Bittersweet Tale after the quake at Berkeley Rep
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The last date listed for after the quake was Sunday December 2, 2007 / 7:00pm.
Reviews & Ratings
Featured review from June O.Red Velvet
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I know people who are big fans of Harumi Murakami's books. I have never read his work so I really didn't know what to expect. In fact, I really didn't know what the play was about other than it had something to do with the Kobe earthquake so I went in blindly. It wasn't a heavy theater performance but I was pleasantly surprised, completely entertained and found the work charming and refreshing. I'll probably even pick up a copy of one of Murakami's books to read.
Quotes & Highlights
“Galati skillfully interweaves two evocative short stories and a haunting cello-and-koto score in a visually stunning, slyly comic and subtly affecting, multifaceted 80-minute reflection on fear, love, loneliness and the transformative powers of art.” —San Francisco Chronicle
“an elegant, economic, gently hypnotic piece of theater…all the elements reflect and satisfy a yearning for solace and safety.” —New York Times
“Beautifully introspective… Exquisitely chiseled performances give the play a sense of delicacy that grounds Murakami’s leaps into the fantastical…” —San Jose Mercury News
Director Frank Galati won two Tony Awards for The Grapes of Wrath. Writer Haruki Murakami, author of The Wind-Up Bird Chronicle and Kafka on the Shore, earned Japan’s equivalent of the Pulitzer. Now the two talents collide in after the quake, a simple, gentle tale of life in the wake of earth-shaking disaster. A timid man woos an old flame, enchanting her anxious daughter with whimsical bedtime stories of a six foot frog’s fight to save Tokyo. In this poignant new play, we see that a storyteller can’t dispel the world’s woes, but he can teach a child—and himself—how to face fear.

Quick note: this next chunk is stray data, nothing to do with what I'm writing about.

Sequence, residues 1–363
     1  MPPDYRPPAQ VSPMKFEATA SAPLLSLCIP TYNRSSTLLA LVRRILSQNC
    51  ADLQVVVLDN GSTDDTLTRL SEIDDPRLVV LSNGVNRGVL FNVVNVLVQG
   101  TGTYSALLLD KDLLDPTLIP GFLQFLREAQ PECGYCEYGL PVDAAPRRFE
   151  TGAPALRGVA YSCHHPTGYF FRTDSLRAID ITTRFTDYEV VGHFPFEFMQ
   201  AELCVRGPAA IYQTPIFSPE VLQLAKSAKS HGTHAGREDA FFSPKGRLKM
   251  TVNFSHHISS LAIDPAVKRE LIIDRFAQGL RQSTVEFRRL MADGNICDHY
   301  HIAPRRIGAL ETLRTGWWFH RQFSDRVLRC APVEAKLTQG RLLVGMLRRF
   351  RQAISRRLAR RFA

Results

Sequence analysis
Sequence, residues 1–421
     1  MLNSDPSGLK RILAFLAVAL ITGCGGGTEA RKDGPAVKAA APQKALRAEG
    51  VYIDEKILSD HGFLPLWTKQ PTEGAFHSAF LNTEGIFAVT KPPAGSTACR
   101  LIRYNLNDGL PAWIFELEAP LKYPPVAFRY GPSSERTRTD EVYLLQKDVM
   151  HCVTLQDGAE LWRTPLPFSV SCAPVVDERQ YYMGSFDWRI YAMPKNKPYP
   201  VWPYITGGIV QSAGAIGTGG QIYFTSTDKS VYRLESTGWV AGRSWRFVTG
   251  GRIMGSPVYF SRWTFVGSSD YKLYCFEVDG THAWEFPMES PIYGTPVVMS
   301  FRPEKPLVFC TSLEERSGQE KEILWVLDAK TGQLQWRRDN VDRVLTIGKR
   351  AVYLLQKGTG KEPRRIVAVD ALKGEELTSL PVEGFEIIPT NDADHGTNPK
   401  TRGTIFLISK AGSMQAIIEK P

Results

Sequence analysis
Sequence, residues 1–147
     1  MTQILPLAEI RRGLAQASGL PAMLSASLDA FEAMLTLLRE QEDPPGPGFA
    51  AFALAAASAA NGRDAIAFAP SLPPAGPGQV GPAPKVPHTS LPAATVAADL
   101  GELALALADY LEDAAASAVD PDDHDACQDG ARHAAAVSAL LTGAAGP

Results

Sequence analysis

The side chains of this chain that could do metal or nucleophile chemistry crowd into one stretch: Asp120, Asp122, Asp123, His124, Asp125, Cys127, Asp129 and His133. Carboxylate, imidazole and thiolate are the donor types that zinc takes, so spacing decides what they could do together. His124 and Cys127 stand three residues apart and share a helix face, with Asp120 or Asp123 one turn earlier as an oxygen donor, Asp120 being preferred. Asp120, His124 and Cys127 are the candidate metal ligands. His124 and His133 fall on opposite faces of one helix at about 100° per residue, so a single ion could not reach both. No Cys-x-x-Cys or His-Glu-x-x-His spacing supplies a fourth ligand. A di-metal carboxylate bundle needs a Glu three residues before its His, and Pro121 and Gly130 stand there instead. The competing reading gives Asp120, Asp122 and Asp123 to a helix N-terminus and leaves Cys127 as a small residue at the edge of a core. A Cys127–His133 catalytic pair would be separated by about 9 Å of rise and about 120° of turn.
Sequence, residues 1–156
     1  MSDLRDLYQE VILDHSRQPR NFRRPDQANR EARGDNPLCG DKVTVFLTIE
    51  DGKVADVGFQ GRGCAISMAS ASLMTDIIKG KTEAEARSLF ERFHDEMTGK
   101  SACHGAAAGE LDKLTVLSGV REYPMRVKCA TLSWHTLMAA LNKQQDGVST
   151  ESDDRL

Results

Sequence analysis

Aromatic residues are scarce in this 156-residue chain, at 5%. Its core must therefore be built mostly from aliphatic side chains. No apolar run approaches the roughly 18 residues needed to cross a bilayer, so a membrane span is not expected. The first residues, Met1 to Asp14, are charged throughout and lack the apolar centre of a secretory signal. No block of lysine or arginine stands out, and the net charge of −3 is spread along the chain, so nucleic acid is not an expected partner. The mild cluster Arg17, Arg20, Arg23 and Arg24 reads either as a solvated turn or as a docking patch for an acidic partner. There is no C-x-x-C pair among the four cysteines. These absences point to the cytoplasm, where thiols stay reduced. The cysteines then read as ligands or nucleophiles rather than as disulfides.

Based on “Honey Pie” and “Superfrog Saves Tokyo” from the novel after the quake by Haruki Murakami
Adapted for the stage and directed by Frank Galati
Steppenwolf Theatre Company’s production in association with La Jolla Playhouse
Haruki Murakami became Japan’s most celebrated contemporary author after an epiphany at a baseball game convinced him he could write novels. His 13 award-winning books include Kafka on the Shore, Norwegian Wood and The Wind-Up Bird Chronicle. The two stories presented on our stage appeared in The New Yorker and GQ.
Frank Galati is renowned for transforming literary works into transcendent theatre. He won two Tony Awards—as adapter and director—for The Grapes of Wrath. He also directed the Broadway hit _Ragtime, _which turned E.L. Doctorow’s novel into a magical musical, and netted an Oscar nomination for his screenplay to Anne Tyler’s “Accidental Tourist.” This spring, he brings The Pirate Queen to Broadway.